My applications for a 0 per cent deal from Halifax, Virgin Money and Capital One were all turned down.
Fearful that I might have been a victim of fraud, I ordered my credit reference from two credit-ratings agencies (Experian and Equifax), but found nothing wrong.
I'm in my early 30s, I don't have a mortgage and I have no debts. So what am I doing wrong? I thought I'd be the perfect customer.
A: Although a poor record with the ratings agencies - which collect the financial details of every individual and share them with lenders - usually prompts an application to be turned down, a non-existent record can also hold you back.
"With no credit history, banks will know nothing about you," says Peter Brooker of Experian.
In other words, without proof of what you're like as a borrower, the lenders will see you as just as much of a risk as somebody with a history of defaulting and making late payments.
It can be all the harder for individuals to know where they stand as each ratings agency and lender uses its own methods for assessing and, in most cases, "scoring" you.
For example, Equifax gives you a higher score if you demonstrate what it views as good credit behaviour: not shifting debt between different cards, keeping low balances on credit and paying bills on time.
But a lender might also look at other factors such as your job security, salary and how long you've lived at a particular address.
The final score is the key in determining whether or not you get a card: the greater the points tally, the greater your chance of credit.
However, not having a credit history leaves you still in the starting blocks. As Equifax's own guidelines point out: "Someone with no cards tends to be a higher risk than someone who has managed credit cards responsibly in the past."
But there is a way to break out of the loop. In your case, you aren't on the electoral roll and this may well be a factor in your repeated rejections.
A quick check has established that, where once you were listed at your parents' address, you've now slipped off the roll. This happens to many young people who - when they go to university, for example - are registered by their parents as having left home but do not re-register themselves.
Lenders like evidence of borrowers being on the roll since it indicates stability, particularly if you've been at one address for a long time.
Contact your local council and ask to be put on its "rolling register" of voters - not the annual register - says Neil Munroe of Equifax. This means you'll appear on the roll next month rather than having to wait until next year.
Your lack of credit history can be remedied too, adds Mr Munroe. "You should be able to get credit on a store card. It's usually easier to obtain and the credit limit is small [usually no more than £250 allowed] - but make sure you pay it off at the end of the month."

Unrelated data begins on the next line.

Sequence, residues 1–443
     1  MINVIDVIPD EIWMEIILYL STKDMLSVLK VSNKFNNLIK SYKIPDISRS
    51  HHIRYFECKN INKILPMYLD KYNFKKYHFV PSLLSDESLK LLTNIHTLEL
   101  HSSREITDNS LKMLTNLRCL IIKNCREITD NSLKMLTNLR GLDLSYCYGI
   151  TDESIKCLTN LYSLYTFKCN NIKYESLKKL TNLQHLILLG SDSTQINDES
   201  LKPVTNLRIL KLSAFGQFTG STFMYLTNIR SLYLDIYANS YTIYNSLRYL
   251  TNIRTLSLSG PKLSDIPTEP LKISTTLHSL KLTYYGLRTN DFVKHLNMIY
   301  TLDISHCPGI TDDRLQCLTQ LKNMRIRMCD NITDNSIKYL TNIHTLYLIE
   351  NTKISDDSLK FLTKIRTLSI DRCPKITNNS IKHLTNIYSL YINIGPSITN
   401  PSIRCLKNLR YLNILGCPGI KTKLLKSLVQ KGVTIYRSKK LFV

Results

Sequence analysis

This should give you your first credit footprint, he adds, provided you use it sensibly.
Alternatively, says Mr Brooker at Experian, try asking your current account provider for a card - assuming you haven't done so already. "Hopefully, you'll have banked with them for some years, so they can see your behaviour as a customer; they should be sympathetic to your situation."
Your bank may not offer 0 per cent but at least you'll have a card.
Also, beware of making too many credit applications in a short time, for this could make lenders suspicious that you're either in financial difficulty or embarking on fraudulent activity.
Q: My gas and electricity bills have for a long time been extortionate, and I'm keen to switch.
Is it possible to get a good deal without going online? My wife and I really don't want to be involved with computers.
A: It is possible, and it is worth trying either uSwitch or SimplySwitch, two online services that also let you change supplier by freephone.
Both offer the same number of deals regardless of whether you switch by phone or via the internet. You can call uSwitch on 0800 093 0607 between 8am and 8pm from Monday to Thursday, from 8am to 6pm on Friday, and 9am to 5pm on Saturday. It is closed on Sunday.
SimplySwitch, on 0800 781 1212, is open from 8am to 8pm Monday to Friday, and from 9am to 5pm on both Saturday and Sunday.
If you need help from our consumer champion, write to Sindie at The Independent on Sunday, Independent House, 191 Marsh Wall, London E14 9RS or email email@example.com. We cannot return documents, give personal replies or guarantee to answer correspondence. We accept no legal responsibility for advice given.Reuse content